The C920 has been around since 2012, and it doesn’t include fancy, high-end features like 4K video, 60 fps recording, or Windows Hello face authentication. But there’s still no better webcam for the basics, and price drops have only improved the C920’s value—you can usually find it for $60 or less today, a significant drop from the $100 it cost when it was released.
If you need a less-expensive option, or something you can take with you, we recommend the Logitech HD Webcam C615. Its video quality doesn’t match the C920’s—the picture isn’t as sharp, the frame rate is lower at full resolution, autofocus is slower, and auto white balance isn’t as accurate—but the C615 is just as easy to set up, provides 1080p resolution, and has the best quality of any webcam under $50. Its mount also folds around the camera to protect the lens, making the C615 a better portable option than the C920.
If you regularly use your webcam to stream to sites like YouTube or Twitch, and want to be able to put smooth 60 fps video of yourself on top of your 60 fps game footage, you’ll like Logitech’s C922x Pro Stream Webcam. The C920, our top pick, is less expensive and our testers preferred its picture quality, but the C922x was a close second and it uses an identical microphone and monitor clip. It also supports smoother 60 fps video at 720p, it includes a tripod, and it supports (on Windows only) a background replacement feature that simulates a green-screen effect.
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Why you should trust us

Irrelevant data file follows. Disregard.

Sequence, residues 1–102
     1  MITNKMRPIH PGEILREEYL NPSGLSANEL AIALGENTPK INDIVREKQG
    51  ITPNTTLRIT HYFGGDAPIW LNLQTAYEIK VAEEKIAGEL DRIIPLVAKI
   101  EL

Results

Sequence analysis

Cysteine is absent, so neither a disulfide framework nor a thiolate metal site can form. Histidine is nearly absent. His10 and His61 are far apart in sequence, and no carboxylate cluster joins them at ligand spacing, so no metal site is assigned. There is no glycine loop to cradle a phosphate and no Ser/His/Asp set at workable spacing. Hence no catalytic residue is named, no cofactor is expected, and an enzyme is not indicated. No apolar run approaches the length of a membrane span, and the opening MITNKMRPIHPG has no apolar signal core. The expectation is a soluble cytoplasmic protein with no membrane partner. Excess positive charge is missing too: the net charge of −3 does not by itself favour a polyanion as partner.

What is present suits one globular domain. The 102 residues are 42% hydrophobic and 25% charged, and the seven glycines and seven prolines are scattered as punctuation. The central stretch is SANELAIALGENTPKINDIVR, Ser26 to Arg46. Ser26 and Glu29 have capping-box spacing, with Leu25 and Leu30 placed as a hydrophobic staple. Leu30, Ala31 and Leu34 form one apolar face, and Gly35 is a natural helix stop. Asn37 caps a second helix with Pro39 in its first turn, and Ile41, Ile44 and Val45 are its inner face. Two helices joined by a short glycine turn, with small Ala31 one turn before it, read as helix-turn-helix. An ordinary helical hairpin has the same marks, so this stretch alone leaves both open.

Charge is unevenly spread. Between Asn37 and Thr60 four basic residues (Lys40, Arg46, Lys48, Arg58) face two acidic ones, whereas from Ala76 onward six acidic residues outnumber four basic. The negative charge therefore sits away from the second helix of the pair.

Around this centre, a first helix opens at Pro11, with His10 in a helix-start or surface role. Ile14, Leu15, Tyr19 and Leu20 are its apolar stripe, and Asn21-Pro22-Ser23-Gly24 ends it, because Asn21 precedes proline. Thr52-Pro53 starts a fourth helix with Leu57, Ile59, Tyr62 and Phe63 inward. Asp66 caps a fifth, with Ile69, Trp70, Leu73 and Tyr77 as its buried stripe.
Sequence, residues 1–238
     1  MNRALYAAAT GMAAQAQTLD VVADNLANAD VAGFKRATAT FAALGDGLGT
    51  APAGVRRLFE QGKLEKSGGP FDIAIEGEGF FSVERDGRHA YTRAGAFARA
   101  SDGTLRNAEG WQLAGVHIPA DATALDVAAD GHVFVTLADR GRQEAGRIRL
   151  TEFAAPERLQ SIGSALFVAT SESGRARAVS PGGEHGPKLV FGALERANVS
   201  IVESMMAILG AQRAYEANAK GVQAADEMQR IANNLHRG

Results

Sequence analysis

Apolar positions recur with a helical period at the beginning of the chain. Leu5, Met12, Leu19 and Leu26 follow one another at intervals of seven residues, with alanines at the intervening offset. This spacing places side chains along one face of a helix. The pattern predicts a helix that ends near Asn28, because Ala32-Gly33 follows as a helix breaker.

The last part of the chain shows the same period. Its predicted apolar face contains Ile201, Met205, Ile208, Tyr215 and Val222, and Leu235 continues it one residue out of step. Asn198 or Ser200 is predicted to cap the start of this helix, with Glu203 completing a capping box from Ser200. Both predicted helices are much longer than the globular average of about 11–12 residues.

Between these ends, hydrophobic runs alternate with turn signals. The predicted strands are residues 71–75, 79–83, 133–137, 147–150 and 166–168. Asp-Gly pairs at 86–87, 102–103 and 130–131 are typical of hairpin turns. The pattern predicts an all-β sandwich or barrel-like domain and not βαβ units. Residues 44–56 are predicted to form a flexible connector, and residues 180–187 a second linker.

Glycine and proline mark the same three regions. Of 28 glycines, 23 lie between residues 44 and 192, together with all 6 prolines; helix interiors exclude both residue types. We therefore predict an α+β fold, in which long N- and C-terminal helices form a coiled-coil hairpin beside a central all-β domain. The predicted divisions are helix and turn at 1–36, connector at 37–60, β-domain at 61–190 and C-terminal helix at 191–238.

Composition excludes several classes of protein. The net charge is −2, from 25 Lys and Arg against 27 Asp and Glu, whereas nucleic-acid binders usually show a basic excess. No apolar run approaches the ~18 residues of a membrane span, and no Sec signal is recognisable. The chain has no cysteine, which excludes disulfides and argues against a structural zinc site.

Andrew Cunningham has spent more than six years writing about PCs and other gadgets for AnandTech and Ars Technica, and before that he spent five years in IT helping people buy the best tech for their needs. Kimber Streams has written about tech for six years and been a PC expert for The Wirecutter for more than three years. Kimber has tested hundreds of laptops, even more storage devices, and way too many peripherals—including wireless mice, mechanical keyboards, and webcams.
Who this is for
Most recent laptops and all-in-one desktops have a decent—sometimes even great—built-in camera, so many people don’t need a stand-alone webcam. But if your laptop’s integrated webcam is really bad (or broken, or in a dumb place), or if your desktop or display doesn’t have a camera, a USB webcam that sits on top of your screen is the best option. A stand-alone webcam can also provide better quality for video calls, recording videos, and streaming games, events, porn—you name it!
How we picked
We evaluated 19 current webcams for this update to the guide, including our previous picks, new webcams released since the last time we tested, and best-selling cameras from Amazon. To narrow the field down to six contenders, we compared the specifications of each camera; test data from the previous version of our guide; Amazon reviews; and reviews from trusted third-party sources like PCWorld, PC Magazine, and Laptop Mag.
A good webcam for most people should meet all of these basic criteria, which we used as guidelines for our research:
- Price: You can get a great webcam for $50 or $60, so there’s no reason for most people to spend more. Even professional streamers or YouTubers with more demanding needs don’t need to spend over $100.